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Newey not ruling out exhaust controversy

Laurence Edmondson at Jerez
February 7, 2012 « Allison pleased with Lotus platform | Button expects close season »
Exhuast positioning will offer little benefit but could cause a controversy according to Adrian Newey © Getty Images
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Adrian Newey believes the regulations regarding the use of exhaust gases are clear, but has not ruled out the possibility of controversy before the start of the season.

The FIA has attempted to put an end to exhaust blown diffusers this year by restricting the positioning of the exhausts at the rear of the car. However, the first test has already seen a few variations in the angling and positioning of exhausts as the top teams try to gain every possible advantage.

"The FIA have been reasonably specific in what they will and won't allow exhaust wise so far," Newey said. "So they don't want to see full-capture ducts, in other words scooping the exhaust flow up with a fully-enclosed duct and using that scoop to duct it somewhere else on the car. Plus we have the various exclusion zones where we can't have bodywork and obviously there are limitations on where the exhaust physically can be. As long as you satisfy all of those, then hopefully there won't be too much controversy, but there's always a chance that somebody will come up with something right on the border and will be subject to an interpretation, let's say."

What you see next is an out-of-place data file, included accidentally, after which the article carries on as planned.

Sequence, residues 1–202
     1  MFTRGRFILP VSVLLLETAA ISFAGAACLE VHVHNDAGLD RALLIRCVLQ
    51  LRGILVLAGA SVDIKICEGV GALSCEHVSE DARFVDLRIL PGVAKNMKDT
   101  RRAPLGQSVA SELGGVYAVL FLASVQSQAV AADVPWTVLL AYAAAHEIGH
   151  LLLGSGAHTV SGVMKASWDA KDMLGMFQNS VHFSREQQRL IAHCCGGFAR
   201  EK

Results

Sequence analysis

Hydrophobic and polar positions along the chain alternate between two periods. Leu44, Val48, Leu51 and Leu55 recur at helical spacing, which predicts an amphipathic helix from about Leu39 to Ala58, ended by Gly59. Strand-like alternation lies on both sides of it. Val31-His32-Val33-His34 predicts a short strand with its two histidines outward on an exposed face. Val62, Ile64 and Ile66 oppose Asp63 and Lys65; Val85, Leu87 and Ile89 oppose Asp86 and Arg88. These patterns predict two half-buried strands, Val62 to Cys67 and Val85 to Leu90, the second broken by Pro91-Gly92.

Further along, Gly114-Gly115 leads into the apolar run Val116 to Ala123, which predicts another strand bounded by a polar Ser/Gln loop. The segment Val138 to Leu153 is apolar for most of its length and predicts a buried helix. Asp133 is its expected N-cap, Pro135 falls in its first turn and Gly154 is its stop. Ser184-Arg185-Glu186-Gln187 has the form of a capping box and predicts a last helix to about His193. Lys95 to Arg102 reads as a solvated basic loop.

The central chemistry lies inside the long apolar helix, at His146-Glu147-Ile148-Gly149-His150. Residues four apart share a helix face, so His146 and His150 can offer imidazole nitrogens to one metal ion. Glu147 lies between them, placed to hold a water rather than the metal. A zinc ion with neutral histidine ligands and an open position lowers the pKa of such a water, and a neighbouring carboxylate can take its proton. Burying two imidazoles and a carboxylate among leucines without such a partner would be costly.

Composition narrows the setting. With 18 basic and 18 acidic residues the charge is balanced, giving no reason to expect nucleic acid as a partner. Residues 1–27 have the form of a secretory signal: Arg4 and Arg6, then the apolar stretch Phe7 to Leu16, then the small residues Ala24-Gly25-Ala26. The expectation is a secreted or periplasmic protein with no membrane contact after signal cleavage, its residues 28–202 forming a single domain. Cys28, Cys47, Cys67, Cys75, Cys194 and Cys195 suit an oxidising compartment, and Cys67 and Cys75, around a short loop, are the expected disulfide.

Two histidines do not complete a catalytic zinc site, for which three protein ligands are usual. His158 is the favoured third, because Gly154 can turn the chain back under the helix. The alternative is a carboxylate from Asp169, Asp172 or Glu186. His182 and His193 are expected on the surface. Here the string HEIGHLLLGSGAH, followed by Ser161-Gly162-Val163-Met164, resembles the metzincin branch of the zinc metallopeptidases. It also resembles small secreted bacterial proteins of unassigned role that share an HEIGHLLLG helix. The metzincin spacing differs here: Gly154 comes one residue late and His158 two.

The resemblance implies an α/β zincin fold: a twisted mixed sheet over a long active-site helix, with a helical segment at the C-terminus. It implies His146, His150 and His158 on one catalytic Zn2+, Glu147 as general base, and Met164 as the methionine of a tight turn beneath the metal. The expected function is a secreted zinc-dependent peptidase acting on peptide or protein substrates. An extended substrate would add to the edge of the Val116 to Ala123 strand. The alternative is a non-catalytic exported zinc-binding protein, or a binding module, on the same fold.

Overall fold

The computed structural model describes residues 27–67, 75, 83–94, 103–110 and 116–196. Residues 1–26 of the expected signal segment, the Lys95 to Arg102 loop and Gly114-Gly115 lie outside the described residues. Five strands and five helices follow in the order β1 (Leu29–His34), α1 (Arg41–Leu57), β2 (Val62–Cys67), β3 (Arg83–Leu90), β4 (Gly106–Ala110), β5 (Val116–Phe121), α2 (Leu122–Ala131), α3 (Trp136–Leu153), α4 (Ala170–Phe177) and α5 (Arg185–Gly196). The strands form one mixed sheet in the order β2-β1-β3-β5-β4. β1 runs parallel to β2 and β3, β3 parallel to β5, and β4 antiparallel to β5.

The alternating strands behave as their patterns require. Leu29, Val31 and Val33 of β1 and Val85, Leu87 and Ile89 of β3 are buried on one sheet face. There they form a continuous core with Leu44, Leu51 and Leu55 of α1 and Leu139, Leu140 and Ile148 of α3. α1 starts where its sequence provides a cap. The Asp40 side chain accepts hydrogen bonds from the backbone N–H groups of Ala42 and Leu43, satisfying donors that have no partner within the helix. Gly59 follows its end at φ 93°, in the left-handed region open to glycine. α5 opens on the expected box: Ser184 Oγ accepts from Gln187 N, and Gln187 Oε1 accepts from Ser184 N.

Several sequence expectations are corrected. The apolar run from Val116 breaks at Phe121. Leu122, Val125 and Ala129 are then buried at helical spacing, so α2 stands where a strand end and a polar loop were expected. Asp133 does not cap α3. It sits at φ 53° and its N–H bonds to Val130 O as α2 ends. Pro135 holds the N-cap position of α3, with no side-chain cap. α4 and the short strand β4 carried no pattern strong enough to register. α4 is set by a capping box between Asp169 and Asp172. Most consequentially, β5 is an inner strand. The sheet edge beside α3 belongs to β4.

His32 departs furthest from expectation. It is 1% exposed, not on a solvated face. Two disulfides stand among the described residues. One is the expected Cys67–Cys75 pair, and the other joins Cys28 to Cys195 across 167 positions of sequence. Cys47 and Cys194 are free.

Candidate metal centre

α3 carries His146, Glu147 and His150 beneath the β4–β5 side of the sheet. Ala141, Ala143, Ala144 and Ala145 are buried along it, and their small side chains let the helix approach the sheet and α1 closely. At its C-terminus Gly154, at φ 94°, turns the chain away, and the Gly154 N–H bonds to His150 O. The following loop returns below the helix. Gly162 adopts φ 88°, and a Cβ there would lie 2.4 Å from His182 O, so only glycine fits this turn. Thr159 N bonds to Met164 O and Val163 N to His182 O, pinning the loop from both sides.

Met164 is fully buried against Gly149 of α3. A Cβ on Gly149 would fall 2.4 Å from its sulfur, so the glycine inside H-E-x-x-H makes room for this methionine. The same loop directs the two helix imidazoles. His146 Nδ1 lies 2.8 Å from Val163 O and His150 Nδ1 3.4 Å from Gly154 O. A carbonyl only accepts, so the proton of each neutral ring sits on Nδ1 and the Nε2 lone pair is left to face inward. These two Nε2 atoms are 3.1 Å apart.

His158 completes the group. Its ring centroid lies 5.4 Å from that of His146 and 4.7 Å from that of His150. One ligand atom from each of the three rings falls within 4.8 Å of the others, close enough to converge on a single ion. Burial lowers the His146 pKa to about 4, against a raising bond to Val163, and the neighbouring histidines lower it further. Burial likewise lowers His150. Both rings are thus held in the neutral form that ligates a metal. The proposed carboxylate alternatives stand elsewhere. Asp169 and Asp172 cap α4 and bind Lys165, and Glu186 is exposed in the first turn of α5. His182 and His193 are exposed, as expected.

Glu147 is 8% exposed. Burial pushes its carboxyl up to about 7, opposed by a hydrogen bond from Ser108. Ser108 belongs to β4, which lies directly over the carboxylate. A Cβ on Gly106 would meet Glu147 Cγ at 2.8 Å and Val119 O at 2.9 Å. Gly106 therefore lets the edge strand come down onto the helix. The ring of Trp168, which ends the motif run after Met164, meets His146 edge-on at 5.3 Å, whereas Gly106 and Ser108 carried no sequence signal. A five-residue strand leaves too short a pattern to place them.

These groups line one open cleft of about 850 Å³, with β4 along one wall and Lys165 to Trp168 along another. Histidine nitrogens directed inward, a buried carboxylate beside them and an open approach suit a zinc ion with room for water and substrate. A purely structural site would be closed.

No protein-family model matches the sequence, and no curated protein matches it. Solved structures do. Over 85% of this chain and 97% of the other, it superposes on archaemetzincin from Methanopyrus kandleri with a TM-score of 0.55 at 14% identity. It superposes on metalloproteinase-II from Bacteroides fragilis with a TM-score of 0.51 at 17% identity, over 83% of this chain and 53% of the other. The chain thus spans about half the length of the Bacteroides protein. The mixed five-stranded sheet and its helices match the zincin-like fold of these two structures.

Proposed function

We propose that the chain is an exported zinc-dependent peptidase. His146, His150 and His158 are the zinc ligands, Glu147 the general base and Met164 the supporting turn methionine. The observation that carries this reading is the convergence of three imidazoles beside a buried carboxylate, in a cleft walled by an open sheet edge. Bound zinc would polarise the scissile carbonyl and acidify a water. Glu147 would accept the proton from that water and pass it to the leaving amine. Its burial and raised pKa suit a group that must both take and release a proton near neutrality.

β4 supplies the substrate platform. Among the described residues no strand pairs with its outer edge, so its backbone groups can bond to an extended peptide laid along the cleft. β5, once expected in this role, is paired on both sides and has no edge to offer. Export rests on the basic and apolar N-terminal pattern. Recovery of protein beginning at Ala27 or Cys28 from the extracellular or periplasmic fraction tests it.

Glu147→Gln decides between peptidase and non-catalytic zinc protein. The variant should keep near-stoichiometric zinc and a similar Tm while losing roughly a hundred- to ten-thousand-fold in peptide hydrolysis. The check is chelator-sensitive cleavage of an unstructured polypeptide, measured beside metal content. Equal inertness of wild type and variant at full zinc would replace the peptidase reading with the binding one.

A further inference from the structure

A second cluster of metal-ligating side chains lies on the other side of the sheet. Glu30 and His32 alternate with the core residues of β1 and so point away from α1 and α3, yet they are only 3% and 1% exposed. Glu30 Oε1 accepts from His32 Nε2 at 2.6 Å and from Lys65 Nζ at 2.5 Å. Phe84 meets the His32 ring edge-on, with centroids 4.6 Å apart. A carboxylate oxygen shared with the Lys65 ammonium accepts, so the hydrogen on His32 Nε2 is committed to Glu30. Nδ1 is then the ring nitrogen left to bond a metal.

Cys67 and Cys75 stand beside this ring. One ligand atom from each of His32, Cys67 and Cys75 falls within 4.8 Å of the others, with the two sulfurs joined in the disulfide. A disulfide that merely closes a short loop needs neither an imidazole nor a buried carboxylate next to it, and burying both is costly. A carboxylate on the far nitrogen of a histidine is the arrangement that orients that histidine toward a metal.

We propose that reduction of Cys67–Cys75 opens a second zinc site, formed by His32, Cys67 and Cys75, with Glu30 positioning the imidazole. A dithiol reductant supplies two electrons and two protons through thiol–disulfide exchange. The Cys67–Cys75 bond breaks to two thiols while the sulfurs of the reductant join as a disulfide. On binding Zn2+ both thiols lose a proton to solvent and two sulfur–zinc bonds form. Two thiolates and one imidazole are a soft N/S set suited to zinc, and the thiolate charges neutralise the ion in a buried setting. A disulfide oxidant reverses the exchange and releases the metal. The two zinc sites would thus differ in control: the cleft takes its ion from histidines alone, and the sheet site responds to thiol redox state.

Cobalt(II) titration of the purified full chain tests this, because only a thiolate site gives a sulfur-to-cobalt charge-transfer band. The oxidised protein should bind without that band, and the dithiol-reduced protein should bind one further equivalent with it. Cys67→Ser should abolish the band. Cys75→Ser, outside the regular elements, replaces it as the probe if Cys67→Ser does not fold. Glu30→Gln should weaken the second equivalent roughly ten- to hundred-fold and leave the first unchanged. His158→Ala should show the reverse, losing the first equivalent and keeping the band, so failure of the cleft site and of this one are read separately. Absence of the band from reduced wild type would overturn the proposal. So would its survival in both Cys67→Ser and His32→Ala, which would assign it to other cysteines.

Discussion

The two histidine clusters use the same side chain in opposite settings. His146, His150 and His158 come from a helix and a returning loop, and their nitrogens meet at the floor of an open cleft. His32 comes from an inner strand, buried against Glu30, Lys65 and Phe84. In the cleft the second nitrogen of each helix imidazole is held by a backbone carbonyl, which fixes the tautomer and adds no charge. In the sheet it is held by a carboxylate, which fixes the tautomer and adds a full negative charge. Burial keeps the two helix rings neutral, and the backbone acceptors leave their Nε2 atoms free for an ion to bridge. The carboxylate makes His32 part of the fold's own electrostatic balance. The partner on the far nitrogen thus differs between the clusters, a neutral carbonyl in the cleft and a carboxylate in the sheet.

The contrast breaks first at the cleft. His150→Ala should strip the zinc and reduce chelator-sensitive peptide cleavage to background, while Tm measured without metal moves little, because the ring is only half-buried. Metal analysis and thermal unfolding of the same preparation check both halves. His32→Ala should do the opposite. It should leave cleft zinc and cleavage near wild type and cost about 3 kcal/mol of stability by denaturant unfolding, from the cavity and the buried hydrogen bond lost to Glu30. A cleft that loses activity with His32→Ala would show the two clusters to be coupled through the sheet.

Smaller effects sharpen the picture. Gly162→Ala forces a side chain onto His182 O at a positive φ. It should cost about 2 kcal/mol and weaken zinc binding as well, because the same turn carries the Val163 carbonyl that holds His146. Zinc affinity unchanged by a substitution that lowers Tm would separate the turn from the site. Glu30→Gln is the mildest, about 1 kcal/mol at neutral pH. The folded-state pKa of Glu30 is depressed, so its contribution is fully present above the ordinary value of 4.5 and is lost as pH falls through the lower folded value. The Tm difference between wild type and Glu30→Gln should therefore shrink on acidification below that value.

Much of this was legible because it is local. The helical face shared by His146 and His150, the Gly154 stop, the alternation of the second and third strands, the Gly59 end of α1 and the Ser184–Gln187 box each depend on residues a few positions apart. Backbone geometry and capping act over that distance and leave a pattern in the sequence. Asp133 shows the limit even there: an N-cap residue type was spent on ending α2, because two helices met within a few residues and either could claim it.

But he doubts there is much to be gained from focusing on exhaust positioning this year.

"There's not a lot [of performance] to come out of exhausts, and then as often happens you get a real variety of different positions because there's not a lot to gain from it," he added. "We've obviously launched in the position we're in and other people have taken different routes, but I doubt if there's a lot to be gained from the various different positions people are sporting."

Last year's Red Bull was built around the exhaust blown diffuser concept and Newey admitted his team has not been able to replace the lost downforce.

"I think when double diffusers were banned at the end of 2010 we were able to largely replace the effect that they had with the exhaust," he explained. "This time round it's very difficult to actually replace the effect, or certainly we haven't managed to do it. But obviously there is every optimisation to be done to the car less exhausts. Whether we've done a better job than others is difficult to know, but there's no big grand idea that can replace that [exhausts], it's re-honing the car and trying to understand what is needed from the car with the exhaust [advantage] gone."